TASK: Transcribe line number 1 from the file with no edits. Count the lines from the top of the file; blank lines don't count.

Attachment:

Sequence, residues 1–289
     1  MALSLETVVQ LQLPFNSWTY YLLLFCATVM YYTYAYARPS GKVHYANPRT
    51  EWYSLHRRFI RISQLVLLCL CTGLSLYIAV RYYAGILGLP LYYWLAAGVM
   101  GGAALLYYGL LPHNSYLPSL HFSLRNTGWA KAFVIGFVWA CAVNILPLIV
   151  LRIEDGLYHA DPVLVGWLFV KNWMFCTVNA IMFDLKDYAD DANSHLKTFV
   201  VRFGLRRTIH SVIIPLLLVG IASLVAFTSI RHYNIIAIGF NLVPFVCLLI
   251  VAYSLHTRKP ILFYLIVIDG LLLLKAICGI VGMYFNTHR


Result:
Sequence, residues 1–289